Bradley attorney Jason Mehta was quoted in Bloomberg Law on a practice that some healthcare attorneys say is somewhat rare but potentially concerning—doctors, hospitals, or other medical providers acting as False Claims Act whistleblowers. These cases, which are called qui tam suits in legal parlance, almost always lead to a government investigation into the defendants’ billing and business practices and sometimes result in multimillion-dollar settlements. Qui tams are more often filed by an employee or former employee against a medical practice or hospital, not by other competitors.
Mehta agreed that U.S. attorneys’ offices might “discount” a false claims allegation somewhat based on the source having conflicting interests. But that’s not the same as ruling them out.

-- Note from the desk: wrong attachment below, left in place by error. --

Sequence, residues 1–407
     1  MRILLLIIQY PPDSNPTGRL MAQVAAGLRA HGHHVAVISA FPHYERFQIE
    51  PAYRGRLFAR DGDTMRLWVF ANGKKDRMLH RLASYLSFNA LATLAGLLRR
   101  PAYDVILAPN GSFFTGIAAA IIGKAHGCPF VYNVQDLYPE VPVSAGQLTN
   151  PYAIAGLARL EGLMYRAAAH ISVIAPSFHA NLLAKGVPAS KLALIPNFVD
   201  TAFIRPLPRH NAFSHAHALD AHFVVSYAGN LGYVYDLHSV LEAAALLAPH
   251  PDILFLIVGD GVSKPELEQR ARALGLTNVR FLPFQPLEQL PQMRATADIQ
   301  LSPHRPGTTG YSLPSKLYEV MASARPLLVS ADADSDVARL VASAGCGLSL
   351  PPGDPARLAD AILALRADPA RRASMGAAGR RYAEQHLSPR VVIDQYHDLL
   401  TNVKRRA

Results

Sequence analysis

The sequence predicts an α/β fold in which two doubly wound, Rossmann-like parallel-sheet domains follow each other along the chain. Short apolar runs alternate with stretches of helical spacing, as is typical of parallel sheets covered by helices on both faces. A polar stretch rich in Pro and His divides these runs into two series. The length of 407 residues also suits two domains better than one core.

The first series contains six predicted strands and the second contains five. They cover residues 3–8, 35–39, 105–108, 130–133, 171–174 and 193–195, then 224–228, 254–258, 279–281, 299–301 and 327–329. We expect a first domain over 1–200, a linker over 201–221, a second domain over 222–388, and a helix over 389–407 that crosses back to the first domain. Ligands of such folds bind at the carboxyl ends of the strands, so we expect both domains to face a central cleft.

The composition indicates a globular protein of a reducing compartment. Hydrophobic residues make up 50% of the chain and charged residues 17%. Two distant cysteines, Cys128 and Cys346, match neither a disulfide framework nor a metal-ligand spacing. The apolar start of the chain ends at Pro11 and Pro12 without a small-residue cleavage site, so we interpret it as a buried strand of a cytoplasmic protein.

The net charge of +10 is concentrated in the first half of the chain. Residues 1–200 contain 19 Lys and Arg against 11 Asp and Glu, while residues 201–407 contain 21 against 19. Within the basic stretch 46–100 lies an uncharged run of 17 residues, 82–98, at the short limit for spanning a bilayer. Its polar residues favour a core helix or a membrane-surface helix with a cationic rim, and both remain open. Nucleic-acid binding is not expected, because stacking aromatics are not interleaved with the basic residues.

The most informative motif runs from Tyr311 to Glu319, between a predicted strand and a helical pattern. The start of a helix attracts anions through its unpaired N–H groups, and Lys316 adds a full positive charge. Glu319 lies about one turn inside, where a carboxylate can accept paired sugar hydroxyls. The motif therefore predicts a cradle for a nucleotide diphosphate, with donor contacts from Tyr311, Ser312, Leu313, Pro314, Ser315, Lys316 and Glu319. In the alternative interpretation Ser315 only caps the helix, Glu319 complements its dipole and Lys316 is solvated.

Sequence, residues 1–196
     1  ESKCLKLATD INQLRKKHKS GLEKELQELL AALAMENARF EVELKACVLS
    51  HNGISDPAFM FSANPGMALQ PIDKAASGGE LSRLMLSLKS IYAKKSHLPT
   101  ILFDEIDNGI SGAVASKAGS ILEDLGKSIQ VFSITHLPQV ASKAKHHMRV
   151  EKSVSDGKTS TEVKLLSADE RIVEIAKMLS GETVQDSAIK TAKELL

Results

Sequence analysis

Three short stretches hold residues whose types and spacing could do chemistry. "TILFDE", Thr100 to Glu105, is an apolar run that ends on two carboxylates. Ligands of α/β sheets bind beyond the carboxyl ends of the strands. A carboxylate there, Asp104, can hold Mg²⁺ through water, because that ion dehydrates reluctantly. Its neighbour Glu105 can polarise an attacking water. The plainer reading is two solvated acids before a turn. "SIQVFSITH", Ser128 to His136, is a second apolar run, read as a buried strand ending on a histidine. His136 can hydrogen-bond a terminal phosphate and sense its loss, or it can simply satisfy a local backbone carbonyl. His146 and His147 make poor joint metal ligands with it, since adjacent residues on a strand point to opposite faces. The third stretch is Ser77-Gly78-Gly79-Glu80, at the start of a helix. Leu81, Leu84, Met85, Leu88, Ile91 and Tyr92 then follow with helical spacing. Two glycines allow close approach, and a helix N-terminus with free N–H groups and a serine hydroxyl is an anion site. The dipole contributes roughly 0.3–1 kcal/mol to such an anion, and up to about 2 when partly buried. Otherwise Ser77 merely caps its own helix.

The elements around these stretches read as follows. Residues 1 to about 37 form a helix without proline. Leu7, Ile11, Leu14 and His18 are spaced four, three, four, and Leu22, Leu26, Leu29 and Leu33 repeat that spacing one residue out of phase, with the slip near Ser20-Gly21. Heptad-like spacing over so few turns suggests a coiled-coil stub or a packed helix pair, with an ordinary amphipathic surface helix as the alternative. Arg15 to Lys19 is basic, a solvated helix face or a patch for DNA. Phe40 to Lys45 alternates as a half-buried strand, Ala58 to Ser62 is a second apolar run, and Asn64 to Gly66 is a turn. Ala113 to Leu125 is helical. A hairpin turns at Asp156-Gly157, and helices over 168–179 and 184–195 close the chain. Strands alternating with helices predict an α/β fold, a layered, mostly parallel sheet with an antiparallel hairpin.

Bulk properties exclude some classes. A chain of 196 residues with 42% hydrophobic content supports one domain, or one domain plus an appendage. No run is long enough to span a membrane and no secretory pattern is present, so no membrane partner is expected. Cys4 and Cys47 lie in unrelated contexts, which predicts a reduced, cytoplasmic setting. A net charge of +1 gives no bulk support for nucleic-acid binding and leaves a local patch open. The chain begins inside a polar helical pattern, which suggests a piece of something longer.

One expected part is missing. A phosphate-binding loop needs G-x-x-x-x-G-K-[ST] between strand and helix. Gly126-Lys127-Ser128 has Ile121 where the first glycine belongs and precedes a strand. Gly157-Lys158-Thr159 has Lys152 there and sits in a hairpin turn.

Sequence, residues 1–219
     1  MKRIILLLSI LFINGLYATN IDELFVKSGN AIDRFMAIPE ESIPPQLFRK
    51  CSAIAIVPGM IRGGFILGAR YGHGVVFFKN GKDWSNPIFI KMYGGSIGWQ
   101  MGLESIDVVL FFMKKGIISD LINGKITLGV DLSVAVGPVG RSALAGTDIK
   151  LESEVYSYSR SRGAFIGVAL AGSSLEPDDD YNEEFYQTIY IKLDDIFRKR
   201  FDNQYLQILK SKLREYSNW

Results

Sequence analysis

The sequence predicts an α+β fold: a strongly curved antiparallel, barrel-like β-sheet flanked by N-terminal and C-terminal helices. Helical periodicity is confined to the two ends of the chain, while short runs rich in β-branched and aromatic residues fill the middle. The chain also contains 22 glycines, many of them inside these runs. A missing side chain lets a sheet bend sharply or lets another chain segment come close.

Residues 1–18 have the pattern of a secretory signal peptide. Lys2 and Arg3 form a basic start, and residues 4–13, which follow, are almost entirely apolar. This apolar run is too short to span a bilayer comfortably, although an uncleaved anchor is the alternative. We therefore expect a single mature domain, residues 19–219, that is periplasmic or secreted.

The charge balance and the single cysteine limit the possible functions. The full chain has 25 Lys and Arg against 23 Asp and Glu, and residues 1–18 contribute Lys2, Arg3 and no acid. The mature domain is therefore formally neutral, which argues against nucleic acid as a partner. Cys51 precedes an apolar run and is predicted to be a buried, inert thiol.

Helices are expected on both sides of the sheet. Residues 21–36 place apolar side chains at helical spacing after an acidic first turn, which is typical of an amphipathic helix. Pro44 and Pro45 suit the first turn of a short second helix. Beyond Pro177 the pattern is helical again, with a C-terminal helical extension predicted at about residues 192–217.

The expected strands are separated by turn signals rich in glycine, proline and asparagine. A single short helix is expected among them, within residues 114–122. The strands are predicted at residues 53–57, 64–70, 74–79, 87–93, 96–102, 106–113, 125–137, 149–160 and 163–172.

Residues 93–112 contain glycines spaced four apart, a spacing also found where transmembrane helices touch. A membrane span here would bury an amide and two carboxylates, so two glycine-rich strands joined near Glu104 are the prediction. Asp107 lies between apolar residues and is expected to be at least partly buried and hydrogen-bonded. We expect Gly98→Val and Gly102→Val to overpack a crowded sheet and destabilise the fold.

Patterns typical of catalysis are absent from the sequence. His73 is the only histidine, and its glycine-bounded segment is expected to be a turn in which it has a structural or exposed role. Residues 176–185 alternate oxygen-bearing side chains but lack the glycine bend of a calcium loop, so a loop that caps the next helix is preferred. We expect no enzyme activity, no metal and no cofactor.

“When I was a prosecutor, I looked at every qui tam that was filed,” said Mehta. He looked at about 100 cases during his five years with the department. “I would look at the allegations independent of the source of the allegations.”
Competitors aren’t the only whistleblowers with a potential conflict of interest, of course. Mehta and others have noted that most qui tam lawsuits come from employees or former employees, who also could have an ax to grind.
Reproduced with permission. Published Sep. 5, 2018. Copyright 2018 by The Bureau of National Affairs, Inc. (800-372-1033) http://www.bna.com.